Ha ha ha ha ha ha
Advertising complaint – Duchy Herbals Echina-Relief Tincture and Duchy Herbals Hyperi-Lift Tincture – Consumer advertising – January 2009
A member of the public complained to the MHRA about the advertising of Duchy Herbals Echina-Relief Tincture and Duchy Herbals Hyperi-Lift Tincture which appeared on the Duchy Originals website from 24 January 2009. The complainant alleged that the advertising suggested that the products had been assessed for efficacy and was therefore misleading.
The MHRA upheld the complaint. Nelsons, the registration holder, on behalf of Duchy Originals agreed that they would amend their advertising and remove claims of efficacy from their website and all future advertising. Following delays in implementing the changes, Nelsons provided additional training to Duchy Originals staff on the legislative requirements.
These two products have been registered under the Traditional Herbal Medicines Registration Scheme as required by Directive 2004/24/EC on Traditional Herbal Medicinal Products. The MHRA, as UK regulator, is required to assess applications for traditional herbal medicinal products for safety, quality and evidence of traditional use. Efficacy of the product based on scientific data is not assessed, although the MHRA is required to refuse registration if efficacy on the basis of long established traditional use is not plausible.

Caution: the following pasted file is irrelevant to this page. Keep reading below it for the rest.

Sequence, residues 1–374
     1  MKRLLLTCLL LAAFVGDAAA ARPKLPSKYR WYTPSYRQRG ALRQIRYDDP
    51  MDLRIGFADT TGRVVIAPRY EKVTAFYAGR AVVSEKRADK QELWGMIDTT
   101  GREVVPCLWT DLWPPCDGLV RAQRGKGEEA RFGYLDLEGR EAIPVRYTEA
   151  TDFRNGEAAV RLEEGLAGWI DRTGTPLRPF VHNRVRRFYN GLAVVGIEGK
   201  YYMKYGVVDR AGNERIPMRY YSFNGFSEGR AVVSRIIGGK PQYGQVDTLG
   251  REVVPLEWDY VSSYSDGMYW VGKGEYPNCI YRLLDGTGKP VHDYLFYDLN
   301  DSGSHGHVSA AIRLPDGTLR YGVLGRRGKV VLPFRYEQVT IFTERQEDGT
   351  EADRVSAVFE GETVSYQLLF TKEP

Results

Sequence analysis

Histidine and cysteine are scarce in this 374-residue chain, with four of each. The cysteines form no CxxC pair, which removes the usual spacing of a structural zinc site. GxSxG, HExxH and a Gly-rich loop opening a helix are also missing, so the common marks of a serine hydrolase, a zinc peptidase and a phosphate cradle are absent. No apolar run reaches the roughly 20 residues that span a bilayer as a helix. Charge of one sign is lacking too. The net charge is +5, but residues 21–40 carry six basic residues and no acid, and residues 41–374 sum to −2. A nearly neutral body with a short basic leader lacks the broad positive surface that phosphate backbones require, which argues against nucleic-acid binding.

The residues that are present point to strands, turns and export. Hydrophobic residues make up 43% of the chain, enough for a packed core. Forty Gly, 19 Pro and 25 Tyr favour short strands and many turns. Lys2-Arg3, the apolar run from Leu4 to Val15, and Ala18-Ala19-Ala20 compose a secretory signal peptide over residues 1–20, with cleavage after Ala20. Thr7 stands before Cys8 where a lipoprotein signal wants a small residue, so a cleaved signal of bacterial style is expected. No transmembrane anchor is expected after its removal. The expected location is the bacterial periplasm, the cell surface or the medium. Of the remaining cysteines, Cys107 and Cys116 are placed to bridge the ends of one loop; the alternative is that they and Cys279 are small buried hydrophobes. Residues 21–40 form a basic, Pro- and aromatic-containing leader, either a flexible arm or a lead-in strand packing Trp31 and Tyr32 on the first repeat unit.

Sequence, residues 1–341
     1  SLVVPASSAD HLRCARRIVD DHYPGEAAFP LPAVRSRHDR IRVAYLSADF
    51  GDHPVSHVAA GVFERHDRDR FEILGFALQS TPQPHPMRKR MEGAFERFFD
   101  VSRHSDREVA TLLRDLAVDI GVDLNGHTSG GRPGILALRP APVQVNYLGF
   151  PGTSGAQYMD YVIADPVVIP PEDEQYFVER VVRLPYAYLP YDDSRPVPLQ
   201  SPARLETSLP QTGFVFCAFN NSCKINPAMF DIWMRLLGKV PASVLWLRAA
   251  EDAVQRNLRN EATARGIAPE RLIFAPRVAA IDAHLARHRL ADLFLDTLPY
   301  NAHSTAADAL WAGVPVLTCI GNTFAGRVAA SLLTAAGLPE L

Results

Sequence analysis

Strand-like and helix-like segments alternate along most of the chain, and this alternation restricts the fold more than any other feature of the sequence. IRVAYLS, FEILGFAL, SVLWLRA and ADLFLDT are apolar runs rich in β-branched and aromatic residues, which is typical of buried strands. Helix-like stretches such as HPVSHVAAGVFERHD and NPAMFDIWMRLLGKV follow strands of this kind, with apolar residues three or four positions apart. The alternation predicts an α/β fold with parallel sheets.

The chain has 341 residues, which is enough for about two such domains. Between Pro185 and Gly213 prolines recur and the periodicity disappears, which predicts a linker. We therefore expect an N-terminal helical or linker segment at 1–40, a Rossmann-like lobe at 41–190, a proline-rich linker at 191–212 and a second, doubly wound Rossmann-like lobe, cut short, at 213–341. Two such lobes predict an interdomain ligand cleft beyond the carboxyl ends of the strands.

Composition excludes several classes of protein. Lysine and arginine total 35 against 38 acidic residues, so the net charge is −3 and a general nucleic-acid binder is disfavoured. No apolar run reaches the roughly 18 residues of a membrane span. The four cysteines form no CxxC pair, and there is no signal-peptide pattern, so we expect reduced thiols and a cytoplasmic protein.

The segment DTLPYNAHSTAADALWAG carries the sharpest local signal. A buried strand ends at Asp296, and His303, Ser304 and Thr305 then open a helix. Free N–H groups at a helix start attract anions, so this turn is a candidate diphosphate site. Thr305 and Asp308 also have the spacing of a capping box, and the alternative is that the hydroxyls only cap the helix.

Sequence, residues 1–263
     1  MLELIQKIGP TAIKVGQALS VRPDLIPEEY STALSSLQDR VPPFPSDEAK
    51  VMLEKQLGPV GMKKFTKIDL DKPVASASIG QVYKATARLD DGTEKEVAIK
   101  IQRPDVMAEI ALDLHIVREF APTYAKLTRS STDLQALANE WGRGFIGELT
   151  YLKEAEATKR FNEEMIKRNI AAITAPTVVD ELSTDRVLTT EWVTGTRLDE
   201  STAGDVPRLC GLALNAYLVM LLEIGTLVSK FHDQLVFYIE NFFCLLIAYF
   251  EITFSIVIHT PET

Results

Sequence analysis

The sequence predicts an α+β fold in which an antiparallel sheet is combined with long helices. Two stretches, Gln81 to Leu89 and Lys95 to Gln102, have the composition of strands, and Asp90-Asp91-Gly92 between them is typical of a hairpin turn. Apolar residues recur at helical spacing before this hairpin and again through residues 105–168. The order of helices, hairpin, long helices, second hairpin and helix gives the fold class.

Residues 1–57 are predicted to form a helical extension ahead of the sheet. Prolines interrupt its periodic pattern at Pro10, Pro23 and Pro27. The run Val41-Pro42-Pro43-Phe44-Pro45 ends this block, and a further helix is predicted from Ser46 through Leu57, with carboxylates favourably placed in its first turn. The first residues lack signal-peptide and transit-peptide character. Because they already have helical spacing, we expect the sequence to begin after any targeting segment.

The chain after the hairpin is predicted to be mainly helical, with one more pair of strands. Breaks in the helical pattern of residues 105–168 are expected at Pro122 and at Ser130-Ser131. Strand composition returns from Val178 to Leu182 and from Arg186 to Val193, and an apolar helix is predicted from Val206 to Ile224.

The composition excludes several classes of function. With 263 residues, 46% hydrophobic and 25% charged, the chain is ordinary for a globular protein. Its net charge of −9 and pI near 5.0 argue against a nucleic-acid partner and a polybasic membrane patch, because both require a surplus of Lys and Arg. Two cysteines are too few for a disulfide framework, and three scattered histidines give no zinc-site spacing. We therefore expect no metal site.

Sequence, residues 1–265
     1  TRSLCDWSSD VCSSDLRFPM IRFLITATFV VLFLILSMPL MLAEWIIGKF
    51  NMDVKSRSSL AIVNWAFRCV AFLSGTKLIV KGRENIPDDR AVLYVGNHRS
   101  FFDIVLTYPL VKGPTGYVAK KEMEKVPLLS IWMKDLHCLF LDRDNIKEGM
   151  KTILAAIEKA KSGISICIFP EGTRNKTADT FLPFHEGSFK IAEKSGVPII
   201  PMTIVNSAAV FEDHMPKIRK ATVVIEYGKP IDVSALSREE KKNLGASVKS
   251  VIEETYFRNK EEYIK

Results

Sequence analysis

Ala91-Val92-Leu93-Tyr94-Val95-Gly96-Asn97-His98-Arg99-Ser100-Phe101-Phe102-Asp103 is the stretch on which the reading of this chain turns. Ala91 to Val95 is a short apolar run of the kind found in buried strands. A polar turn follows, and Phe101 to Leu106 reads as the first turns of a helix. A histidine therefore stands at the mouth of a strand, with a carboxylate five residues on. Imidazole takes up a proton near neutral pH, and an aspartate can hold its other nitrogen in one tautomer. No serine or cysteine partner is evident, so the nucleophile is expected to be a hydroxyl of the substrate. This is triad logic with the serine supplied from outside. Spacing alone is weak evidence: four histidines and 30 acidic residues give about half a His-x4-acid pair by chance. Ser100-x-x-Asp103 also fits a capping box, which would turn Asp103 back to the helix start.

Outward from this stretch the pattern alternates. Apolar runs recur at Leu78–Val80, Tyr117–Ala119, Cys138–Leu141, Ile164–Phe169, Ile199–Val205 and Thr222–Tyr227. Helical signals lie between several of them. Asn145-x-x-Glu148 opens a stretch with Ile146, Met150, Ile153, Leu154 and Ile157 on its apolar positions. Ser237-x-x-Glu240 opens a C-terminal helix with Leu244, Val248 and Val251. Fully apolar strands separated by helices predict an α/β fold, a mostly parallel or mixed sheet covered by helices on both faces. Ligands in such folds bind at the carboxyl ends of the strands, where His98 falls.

Date case raised: 26 January 2009
Date action agreed: 30 January 2009
Date of publication: 20 March 2009
Or: Quack-ity quack …reality attack...
Or even: “Quack-ity quack – facts strike back?”
Now, I don’t know if the “member of the public” who complained was one of the Bad Science Posse, but whoever that man or woman is, I take my hat off to them.